When the Philadelphia Eagles and Kansas City Chiefs face off this Sunday in Super Bowl LVII, they’ll do so on the outskirts of Phoenix in State Farm Stadium. The game marks the fourth time the area has hosted the Super Bowl since 1996. In 2015, the event brought roughly 121,000 visitors and about $720 million in economic activity to the area. An event of this size is an immense undertaking by itself, but beyond the game, Phoenix Mayor Kate Gallego WG12 sees the spotlight as a chance to show visitors — and viewers — what Phoenix is all about.

“We’re very excited about the opportunity from the direct-spending perspective, but also to tell our story,” said Gallego, who, as Phoenix’s 62nd mayor, is only the second woman elected to the position in city history. She spoke with Wharton Magazine about the game’s significance for the region and other major happenings, including how an enormous investment is transforming the area and how she is combating heat in what is one of the nation’s hottest cities.

Wharton Magazine: What economic impact do you expect this Super Bowl will have on the Phoenix area?

Kate Gallego: This year should be significantly greater than 2015. We hope it’s a chance to introduce our region to so much more of the world. The game is broadcast in 170 countries, and we should see more than 5,000 credentialed members of the media. For us, it’s a chance to introduce Phoenix to people who don’t know us well.

We’ve had big economic news in recent months: The President of the United States and Tim Cook, Apple’s CEO, came to Phoenix in December to announce that the brains of the iPhone will be made here. We’ve also dramatically changed our downtown, with more restaurants open than before COVID-19, 80 percent of which are local and unique to Phoenix. We hope to highlight that hospitality experience through events like Taste of the NFL. And we are working to make sure that businesses that want to grow know about the opportunities in Phoenix.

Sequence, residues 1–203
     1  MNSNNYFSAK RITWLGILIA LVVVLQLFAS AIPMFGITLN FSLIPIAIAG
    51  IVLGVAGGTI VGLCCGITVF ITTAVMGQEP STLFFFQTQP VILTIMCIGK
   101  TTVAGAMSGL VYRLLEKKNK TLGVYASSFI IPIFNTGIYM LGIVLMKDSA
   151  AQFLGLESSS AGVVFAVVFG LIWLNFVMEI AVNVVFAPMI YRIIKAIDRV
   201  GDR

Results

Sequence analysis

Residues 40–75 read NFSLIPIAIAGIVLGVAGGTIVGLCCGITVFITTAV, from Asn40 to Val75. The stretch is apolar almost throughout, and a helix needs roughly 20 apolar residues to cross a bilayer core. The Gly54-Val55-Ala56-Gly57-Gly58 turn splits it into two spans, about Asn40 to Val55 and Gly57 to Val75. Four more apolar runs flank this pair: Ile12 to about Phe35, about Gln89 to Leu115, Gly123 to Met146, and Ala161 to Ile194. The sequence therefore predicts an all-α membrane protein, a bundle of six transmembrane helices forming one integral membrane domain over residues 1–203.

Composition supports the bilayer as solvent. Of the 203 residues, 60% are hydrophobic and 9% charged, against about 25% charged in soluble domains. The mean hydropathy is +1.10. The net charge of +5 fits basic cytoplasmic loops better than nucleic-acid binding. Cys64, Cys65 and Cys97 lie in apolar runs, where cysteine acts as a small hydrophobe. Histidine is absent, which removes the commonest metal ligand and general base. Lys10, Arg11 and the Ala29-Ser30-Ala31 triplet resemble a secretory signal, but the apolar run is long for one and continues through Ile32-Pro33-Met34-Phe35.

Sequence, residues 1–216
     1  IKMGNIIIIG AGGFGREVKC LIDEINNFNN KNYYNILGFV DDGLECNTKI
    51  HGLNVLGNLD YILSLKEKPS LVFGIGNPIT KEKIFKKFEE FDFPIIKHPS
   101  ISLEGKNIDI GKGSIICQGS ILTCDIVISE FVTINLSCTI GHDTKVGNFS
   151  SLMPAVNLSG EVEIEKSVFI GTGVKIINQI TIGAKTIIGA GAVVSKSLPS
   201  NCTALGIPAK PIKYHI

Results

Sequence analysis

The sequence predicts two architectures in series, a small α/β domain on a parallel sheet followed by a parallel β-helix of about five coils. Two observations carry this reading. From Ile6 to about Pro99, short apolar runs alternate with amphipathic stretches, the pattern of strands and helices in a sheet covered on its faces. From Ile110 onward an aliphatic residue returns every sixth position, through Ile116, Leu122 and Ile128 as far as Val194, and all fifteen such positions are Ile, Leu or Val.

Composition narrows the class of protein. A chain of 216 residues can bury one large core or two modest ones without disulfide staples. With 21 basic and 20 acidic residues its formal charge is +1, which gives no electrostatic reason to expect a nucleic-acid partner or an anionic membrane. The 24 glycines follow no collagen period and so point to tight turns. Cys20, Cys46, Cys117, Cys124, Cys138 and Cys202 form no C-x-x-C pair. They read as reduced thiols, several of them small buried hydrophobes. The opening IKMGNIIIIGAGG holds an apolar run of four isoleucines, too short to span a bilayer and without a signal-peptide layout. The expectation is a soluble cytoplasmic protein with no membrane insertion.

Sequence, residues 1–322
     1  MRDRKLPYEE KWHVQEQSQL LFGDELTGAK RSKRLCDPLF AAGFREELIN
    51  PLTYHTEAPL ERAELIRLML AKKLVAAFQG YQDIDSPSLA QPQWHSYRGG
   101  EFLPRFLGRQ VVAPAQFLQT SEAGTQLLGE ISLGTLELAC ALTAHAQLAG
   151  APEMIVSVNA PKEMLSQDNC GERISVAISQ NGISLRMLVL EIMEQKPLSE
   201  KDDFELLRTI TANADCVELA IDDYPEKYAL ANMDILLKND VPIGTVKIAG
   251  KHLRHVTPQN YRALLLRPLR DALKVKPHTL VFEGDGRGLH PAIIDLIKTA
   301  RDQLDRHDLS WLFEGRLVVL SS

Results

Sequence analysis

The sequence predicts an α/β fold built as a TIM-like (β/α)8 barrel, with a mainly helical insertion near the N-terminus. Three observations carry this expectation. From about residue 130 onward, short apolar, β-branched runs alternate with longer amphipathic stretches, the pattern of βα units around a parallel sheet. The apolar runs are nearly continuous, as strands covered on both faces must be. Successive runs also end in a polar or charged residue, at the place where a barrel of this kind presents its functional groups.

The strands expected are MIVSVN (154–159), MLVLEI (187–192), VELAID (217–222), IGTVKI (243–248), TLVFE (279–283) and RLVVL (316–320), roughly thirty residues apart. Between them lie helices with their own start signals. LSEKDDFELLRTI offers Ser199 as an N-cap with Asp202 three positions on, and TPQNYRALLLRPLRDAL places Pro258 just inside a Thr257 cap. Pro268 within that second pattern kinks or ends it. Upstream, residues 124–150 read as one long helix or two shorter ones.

WM: What are some other things you’ll highlight about Phoenix this week that people might not know?

KG: We’re hoping to showcase that we’re very forward-thinking on technology. We like to say that the future is Phoenix. We’ll be the first Super Bowl host city with autonomous electric vehicles playing such a major role, supported by our autonomous-vehicle sponsor, Waymo, and our electric-vehicle sponsor, ElectraMeccanica. Phoenix Sky Harbor Airport is the first airport in the world to have Waymo’s autonomous electric vehicles servicing it.

Phoenix Mayor Kate Gallego exits a Waymo self-driving car.

Mayor Gallego arrives outside Phoenix Sky Harbor Airport on December 16 in a Waymo self-driving car. Super Bowl visitors will be able to take Waymo rides to and from the airport.

We’ll also share that we are leading in areas like advanced traffic signals and climate-forward buildings — that we’re a city that’s willing to take risks and innovate. At the same time, we want to honor our history. Many of the big parties will take place in historic Phoenix buildings. We will do a lot of storytelling, particularly in our downtown.

We’re also going to showcase our commitment to sustainability. We are hoping to have the highest waste diversion of any Super Bowl event. We’ve invested in advanced composting to make sure that we can take advantage of any food waste that’s not used. We’re continuing to invest in renewable energy to power the game as well. It’s no surprise that, in Arizona, solar plays a prominent role, and we’ve invested in solar at a lot of our downtown buildings, including the Phoenix Convention Center, which is hosting the Super Bowl Experience.

WM: On another note, what are some of the most difficult aspects of being a Super Bowl host city?